Today, Parliament announced that new divorce reforms will be introduced shortly.
The much-needed modernisation of the law breaks us away from the outdated 1973 Matrimonial Causes Act. Published proposals show how these new reforms focus on abolishing the need for couples to accuse the other for the irretrievable breakdown of their marriage, by adding the opportunity for couples to bring a joint application for divorce.
The reforms have sparked controversy amongst legal professionals, religious organisations and academics for fear that it would make it easier for couples to divorce, in turn eradicating the sanctity of marriage.
However, the new reforms present a new minimum time-frame of 6 months before the divorce is finalised allowing couples ample time to seriously reflect without haste to ensure that they are making the right decision.
The new law was announced by Justice Secretary David Gauke who acknowledges the sheer amount of conflict that can arise by asking couples to blame one another and how this affects children and can even impact their future development.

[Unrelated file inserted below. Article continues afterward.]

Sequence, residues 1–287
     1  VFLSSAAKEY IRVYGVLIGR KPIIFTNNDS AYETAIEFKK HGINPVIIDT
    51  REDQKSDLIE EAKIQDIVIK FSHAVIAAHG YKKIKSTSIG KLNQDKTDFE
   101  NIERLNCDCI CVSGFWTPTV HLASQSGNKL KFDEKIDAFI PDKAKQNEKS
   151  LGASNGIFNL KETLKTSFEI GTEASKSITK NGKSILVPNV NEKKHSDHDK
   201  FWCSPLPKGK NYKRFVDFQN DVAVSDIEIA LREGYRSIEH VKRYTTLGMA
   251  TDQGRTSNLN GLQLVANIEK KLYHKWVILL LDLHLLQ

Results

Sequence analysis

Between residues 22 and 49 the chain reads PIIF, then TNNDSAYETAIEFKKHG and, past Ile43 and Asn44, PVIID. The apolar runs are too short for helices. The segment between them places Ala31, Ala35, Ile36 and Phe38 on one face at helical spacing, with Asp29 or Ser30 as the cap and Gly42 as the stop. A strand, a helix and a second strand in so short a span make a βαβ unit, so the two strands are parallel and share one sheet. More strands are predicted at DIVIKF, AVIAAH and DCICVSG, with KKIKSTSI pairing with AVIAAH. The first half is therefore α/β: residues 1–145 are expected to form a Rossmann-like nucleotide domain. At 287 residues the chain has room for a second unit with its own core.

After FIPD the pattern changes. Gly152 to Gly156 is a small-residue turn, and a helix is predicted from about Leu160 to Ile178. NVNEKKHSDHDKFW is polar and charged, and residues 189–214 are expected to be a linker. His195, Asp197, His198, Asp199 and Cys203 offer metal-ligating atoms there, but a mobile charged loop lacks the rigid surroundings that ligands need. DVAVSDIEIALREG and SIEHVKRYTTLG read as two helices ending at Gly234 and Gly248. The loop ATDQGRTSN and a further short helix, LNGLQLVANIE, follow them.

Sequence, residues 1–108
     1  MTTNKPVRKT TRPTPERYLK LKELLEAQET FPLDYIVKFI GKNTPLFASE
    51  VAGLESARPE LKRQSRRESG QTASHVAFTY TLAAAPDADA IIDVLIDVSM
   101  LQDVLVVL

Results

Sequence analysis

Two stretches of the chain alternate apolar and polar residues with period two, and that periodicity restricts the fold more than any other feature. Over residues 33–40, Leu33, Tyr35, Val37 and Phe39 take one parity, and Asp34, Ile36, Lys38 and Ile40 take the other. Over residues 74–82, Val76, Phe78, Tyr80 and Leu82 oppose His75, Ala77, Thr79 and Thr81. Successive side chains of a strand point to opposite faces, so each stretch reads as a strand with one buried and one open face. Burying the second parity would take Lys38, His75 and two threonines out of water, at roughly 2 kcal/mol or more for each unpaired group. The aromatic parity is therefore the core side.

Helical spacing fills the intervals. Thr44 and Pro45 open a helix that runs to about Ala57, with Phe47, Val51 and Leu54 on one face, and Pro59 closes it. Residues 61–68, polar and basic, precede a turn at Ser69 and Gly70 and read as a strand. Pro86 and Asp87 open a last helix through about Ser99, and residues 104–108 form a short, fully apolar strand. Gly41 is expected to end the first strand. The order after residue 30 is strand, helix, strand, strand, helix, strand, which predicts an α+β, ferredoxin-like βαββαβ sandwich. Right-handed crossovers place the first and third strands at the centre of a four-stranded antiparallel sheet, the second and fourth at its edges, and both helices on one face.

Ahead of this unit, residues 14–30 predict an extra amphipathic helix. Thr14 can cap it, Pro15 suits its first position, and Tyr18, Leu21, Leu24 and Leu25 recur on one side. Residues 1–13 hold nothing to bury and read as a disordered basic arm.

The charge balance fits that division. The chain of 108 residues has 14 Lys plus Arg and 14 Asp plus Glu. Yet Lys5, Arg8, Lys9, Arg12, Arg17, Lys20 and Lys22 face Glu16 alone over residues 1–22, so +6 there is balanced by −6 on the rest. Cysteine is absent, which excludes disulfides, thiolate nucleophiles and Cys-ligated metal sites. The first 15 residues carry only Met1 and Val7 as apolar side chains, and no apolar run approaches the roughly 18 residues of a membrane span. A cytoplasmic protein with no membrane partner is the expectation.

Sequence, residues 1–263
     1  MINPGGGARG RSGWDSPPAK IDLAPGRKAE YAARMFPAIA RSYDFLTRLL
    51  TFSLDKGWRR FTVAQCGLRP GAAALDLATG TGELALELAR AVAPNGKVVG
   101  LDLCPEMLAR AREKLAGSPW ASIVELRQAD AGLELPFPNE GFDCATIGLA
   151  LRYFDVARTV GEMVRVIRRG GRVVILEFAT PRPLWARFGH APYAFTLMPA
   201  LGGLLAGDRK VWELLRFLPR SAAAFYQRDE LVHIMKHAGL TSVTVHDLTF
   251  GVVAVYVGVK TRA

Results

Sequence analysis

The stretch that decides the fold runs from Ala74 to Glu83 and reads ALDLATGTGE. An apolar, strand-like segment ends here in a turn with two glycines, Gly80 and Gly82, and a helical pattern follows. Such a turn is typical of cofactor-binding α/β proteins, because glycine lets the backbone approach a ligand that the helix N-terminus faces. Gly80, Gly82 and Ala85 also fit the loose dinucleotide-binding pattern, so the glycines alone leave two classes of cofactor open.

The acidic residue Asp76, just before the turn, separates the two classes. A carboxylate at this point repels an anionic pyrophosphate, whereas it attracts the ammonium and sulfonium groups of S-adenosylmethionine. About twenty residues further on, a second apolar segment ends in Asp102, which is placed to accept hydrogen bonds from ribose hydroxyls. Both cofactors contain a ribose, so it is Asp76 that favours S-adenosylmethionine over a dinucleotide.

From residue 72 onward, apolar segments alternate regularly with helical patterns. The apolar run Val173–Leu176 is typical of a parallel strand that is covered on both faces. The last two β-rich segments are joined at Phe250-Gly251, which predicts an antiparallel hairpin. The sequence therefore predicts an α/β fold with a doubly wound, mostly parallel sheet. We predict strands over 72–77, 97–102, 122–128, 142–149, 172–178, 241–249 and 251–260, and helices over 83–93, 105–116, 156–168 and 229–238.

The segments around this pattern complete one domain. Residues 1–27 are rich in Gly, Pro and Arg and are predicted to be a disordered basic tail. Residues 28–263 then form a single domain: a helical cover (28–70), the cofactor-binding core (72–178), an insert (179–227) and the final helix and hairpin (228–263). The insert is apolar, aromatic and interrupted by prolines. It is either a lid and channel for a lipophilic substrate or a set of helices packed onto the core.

“The new reforms will no longer subject any involved children to avoidable hostility which until now they have often been exposed to”.
The new reforms also make it easier for victims of domestic abuse who are seeking to divorce their perpetrator.
It will no longer be possible to contest to a divorce brought by the other party. What’s more, a victim will not have to re-live the abuse suffered as the new reforms replace the requirement to provide evidence as ‘fact’ around behaviour or separation with just a statement detailing how the marriage has irretrievably broken down.
There are many options if you are seeking a divorce.
You can represent yourself, use a family lawyer on a pay as you go system, have legal representative handle all the paperwork and process OR family mediation.
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